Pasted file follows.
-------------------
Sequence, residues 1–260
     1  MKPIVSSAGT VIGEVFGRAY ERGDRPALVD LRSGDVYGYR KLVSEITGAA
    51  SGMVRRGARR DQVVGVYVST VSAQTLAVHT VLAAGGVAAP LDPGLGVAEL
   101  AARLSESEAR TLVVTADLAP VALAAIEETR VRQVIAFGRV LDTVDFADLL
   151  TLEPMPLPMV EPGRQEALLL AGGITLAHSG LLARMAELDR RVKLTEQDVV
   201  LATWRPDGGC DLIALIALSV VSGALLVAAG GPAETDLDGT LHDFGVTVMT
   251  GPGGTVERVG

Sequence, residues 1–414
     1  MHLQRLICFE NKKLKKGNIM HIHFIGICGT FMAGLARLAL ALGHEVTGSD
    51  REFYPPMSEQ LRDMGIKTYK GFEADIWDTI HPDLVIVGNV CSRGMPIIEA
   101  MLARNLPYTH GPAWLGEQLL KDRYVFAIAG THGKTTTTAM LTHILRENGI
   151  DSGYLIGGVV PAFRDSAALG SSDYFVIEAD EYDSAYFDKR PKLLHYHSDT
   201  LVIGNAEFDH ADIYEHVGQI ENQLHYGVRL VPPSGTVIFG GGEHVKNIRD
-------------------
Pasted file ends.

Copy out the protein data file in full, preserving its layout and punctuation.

Sequence, residues 1–260
     1  MKPIVSSAGT VIGEVFGRAY ERGDRPALVD LRSGDVYGYR KLVSEITGAA
    51  SGMVRRGARR DQVVGVYVST VSAQTLAVHT VLAAGGVAAP LDPGLGVAEL
   101  AARLSESEAR TLVVTADLAP VALAAIEETR VRQVIAFGRV LDTVDFADLL
   151  TLEPMPLPMV EPGRQEALLL AGGITLAHSG LLARMAELDR RVKLTEQDVV
   201  LATWRPDGGC DLIALIALSV VSGALLVAAG GPAETDLDGT LHDFGVTVMT
   251  GPGGTVERVG

Sequence, residues 1–414
     1  MHLQRLICFE NKKLKKGNIM HIHFIGICGT FMAGLARLAL ALGHEVTGSD
    51  REFYPPMSEQ LRDMGIKTYK GFEADIWDTI HPDLVIVGNV CSRGMPIIEA
   101  MLARNLPYTH GPAWLGEQLL KDRYVFAIAG THGKTTTTAM LTHILRENGI
   151  DSGYLIGGVV PAFRDSAALG SSDYFVIEAD EYDSAYFDKR PKLLHYHSDT
   201  LVIGNAEFDH ADIYEHVGQI ENQLHYGVRL VPPSGTVIFG GGEHVKNIRD